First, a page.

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Author: Subject: my oud versus the laws of physics!!
dliecht
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[*] posted on 1-23-2018 at 08:07 PM
my oud versus the laws of physics!!


I bought my first oud, which arrived yesterday. From all I can tell, it is a quality built instrument, but arrived in dire need of a thorough set up. I am new to the oud, but not at all new to stringed instruments, and so am undaunted about doing the set up myself. But even before starting, I have run into the strangest problem, which violates all of my understanding of the physics of strings and pitch. To wit, on the first course, when I carefully tune the two strings together (I know the tuning is accurate because I am using an electric tuner) and then begin noting the string(s) up the neck, once I get higher than the musical 4th, the pitch of the first string starts to become noticeably higher than the second string. By the time I reach the octave, it is fully a 1/2 step higher. Then immediately checking the open strings, they are again in perfect pitch with each other. None of the lower courses have this problem. I have checked and carefully measured the string lengths from nut to saddle and the variance between them is minuscule. Is this oud haunted, or is there something about oud string physics of which I am not aware?!
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Greg
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[*] posted on 1-23-2018 at 08:16 PM


Welcome to the forums dliecht.

You will be pleased to know this is not unusual and that, for some reason, it usually seems to be on the first course. There is obviously one string (or both) that has (have) an intonation problem. Sometimes, it is possible to reverse one of the strings in order to overcome this problem. You can probably identify the offending string by checking the pitch using the harmonic where the neck joins the bowl.

It is not uncommon for oud makers to supply their instruments with poor quality strings. A new set of quality strings should do the trick.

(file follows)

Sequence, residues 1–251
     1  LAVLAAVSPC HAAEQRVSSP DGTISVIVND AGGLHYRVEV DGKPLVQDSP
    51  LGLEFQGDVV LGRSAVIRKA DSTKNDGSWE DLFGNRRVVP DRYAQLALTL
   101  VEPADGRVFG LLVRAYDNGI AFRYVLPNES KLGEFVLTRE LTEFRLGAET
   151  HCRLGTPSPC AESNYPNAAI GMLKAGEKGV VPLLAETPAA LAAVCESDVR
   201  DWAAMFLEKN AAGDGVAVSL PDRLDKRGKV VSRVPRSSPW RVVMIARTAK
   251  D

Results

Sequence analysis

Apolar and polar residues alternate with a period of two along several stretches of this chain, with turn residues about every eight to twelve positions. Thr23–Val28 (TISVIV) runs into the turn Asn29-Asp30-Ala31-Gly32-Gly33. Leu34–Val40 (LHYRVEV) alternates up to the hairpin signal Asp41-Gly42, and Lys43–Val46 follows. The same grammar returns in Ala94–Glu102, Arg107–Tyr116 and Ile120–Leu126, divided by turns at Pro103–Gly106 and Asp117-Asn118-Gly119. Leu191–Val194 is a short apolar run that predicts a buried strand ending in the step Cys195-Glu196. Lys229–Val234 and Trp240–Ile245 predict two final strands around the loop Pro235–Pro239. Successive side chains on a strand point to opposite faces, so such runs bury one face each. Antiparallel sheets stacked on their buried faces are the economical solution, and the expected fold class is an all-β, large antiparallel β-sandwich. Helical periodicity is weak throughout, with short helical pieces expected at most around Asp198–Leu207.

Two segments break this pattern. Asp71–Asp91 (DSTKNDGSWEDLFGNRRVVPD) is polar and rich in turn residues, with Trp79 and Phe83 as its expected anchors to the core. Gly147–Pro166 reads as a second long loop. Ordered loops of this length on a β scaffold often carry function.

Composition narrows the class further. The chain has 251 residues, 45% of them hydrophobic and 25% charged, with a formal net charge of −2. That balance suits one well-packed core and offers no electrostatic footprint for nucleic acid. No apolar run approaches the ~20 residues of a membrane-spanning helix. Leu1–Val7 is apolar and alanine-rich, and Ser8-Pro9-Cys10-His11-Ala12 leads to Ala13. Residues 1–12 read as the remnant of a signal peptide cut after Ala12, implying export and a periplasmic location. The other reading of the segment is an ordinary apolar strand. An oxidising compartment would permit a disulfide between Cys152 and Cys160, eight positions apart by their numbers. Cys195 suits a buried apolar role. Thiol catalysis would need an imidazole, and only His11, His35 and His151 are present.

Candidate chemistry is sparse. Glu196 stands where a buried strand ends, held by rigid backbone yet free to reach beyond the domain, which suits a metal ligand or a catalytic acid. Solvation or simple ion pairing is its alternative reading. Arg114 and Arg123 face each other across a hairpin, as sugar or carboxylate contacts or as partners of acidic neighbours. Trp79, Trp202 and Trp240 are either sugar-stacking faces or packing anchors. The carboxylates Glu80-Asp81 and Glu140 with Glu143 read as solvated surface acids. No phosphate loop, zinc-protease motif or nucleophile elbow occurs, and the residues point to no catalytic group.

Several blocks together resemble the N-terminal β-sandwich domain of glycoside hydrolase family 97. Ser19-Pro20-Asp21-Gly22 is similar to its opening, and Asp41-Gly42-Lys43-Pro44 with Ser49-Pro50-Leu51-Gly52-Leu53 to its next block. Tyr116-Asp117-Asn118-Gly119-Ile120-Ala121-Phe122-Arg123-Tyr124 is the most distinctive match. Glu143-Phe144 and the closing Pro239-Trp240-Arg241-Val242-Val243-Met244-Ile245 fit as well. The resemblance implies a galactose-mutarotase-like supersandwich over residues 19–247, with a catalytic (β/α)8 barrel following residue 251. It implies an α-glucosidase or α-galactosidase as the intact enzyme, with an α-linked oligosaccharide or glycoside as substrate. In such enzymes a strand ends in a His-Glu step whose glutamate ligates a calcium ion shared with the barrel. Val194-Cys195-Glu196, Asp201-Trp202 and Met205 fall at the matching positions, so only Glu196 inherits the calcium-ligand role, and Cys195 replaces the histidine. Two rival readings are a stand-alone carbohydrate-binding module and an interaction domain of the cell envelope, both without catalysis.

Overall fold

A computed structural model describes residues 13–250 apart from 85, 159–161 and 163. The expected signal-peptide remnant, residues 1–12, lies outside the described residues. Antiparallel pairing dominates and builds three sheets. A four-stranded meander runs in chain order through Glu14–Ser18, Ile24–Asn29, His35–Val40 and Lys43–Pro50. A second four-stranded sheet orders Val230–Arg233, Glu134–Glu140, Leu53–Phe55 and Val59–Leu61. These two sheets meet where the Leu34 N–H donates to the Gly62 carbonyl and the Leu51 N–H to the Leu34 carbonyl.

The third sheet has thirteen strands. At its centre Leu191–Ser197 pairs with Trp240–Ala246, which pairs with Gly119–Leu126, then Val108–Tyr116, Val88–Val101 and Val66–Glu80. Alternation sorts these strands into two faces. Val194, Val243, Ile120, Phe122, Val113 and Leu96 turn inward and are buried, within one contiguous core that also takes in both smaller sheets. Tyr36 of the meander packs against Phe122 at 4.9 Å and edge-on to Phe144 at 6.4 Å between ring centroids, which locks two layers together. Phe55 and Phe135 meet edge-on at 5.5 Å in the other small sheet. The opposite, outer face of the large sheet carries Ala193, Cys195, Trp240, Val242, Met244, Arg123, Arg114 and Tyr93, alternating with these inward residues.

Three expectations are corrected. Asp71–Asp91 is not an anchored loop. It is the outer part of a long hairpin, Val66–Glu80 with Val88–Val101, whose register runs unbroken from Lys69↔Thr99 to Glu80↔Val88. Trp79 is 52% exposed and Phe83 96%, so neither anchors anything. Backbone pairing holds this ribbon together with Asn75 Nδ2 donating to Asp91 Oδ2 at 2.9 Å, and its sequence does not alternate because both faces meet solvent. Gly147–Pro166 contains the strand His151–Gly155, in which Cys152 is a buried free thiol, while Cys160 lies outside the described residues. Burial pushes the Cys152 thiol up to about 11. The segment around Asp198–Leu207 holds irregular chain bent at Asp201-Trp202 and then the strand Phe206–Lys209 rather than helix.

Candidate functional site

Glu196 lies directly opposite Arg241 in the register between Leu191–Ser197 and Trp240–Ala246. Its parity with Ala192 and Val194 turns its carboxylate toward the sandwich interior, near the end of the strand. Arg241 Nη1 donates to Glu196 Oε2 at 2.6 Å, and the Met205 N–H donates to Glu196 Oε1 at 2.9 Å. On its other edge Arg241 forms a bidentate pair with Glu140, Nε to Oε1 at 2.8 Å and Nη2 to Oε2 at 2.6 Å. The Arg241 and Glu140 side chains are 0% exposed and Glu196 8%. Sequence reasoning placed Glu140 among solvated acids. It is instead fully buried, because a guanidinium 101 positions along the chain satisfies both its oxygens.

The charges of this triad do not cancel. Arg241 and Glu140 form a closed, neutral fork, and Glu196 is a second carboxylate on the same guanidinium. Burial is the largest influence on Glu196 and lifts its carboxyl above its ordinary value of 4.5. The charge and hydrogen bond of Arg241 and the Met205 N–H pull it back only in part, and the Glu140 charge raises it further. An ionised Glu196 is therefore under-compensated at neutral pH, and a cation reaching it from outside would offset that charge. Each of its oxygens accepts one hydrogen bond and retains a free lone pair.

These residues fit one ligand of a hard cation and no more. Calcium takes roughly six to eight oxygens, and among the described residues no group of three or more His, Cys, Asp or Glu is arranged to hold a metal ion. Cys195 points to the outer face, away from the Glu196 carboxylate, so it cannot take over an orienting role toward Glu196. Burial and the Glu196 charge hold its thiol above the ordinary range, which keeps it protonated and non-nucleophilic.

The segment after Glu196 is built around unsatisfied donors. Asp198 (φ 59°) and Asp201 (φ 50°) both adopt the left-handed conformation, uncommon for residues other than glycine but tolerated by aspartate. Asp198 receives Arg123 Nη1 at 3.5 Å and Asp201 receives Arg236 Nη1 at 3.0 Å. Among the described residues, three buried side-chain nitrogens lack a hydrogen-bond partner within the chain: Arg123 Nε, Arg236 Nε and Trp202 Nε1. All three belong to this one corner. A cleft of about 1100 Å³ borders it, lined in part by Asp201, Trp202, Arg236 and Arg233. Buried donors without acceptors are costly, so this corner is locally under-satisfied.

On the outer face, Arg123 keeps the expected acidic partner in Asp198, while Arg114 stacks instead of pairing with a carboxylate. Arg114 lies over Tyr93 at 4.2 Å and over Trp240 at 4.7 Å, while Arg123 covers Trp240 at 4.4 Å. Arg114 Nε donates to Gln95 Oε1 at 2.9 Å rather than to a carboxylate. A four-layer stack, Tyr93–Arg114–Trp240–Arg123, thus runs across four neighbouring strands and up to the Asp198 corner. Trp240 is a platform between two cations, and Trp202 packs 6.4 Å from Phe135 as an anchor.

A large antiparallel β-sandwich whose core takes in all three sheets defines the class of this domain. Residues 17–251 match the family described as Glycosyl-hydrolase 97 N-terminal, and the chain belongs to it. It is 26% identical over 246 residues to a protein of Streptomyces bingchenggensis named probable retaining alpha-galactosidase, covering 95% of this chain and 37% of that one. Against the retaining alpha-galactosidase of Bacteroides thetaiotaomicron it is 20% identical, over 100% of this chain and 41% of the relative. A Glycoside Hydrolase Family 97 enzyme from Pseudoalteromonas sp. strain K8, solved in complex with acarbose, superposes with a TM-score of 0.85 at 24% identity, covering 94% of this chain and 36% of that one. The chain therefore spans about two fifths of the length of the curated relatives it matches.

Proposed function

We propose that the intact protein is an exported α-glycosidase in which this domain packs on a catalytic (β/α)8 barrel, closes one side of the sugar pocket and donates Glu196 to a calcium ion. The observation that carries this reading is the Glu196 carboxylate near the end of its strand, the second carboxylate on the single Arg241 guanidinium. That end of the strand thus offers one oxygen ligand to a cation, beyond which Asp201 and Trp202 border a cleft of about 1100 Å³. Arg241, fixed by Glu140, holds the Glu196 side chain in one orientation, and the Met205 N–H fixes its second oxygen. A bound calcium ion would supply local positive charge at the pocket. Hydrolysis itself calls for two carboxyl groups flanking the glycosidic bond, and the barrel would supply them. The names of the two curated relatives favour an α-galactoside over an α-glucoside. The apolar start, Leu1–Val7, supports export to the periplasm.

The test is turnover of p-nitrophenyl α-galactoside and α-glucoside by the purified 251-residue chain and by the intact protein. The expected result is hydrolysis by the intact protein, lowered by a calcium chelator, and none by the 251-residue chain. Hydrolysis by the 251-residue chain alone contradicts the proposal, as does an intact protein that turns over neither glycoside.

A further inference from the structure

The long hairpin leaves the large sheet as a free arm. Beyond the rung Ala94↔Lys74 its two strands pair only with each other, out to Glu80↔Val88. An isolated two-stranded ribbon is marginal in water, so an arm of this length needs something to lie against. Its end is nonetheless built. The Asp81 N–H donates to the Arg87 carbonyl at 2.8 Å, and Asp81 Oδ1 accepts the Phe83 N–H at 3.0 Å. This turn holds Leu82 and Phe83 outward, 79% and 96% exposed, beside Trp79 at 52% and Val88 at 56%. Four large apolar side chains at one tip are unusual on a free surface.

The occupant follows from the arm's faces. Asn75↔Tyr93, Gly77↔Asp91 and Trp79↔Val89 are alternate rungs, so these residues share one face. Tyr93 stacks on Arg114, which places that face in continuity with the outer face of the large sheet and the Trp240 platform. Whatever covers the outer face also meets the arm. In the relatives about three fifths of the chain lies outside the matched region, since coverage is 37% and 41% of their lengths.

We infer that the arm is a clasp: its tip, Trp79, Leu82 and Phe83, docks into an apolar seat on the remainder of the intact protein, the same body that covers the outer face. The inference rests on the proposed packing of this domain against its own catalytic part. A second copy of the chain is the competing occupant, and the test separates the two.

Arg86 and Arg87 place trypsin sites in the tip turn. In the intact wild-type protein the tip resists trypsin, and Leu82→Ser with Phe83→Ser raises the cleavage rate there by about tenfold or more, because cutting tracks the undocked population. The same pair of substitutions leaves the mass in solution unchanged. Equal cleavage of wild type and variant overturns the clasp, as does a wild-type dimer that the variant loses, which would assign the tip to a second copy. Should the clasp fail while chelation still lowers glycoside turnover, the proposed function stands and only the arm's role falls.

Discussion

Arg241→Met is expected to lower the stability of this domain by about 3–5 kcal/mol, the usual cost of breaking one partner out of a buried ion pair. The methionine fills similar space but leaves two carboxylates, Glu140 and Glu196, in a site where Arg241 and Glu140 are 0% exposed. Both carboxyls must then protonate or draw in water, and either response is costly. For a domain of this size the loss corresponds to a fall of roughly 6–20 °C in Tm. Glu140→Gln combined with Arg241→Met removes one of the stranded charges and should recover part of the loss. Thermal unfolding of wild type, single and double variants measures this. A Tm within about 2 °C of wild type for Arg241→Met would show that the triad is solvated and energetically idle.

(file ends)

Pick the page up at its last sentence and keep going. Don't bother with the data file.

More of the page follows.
Greg
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Matthias
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[*] posted on 1-23-2018 at 11:33 PM


Quote: Originally posted by Greg  

It is not uncommon for oud makers to supply their instruments with poor quality strings. A new set of quality strings should do the trick.
Greg


Hello dliecht,

I agree to Greg, in the context of all the professional sets I ever sold, this problem never occured. So for me it seems to be clear that in spite "it is a quality built instrument" as you said the strings seems to be not of that quality. Even on a simple instrument it makes sense to apply a better or good set.

You will find many custom sets in my shop, if none is well for your instrument there contact me.

Best regards
Matthias




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dliecht
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[*] posted on 1-24-2018 at 07:40 AM


Thank you Greg and Matthias! I am relieved to know this is a common problem, and I have a new set of strings on the way. I have checked the harmonics at the octave spot and clearly the pitch problem shows up there as well as when the strings are pressed. When the new strings come, I will give the instrument a whole new set up and hopefully the problem will disappear. This thing still baffles me from a theoretical perspective, even more so since testing the harmonics because it appears that the harmonic center of the 1st string is about 5/64" higher than the harmonic center of the 2d string, even though (as far as I can measure) the strings are effectively the same length. I've never seen that happen before, or even realized that it was possible - yet there it is! Thank you both for your counsel and reassurance. I was wondering whether I should return the instrument (even though I really like it generally) but you have helped me decide to stay with it and apply set up TLC. Thanks! Dan Liechty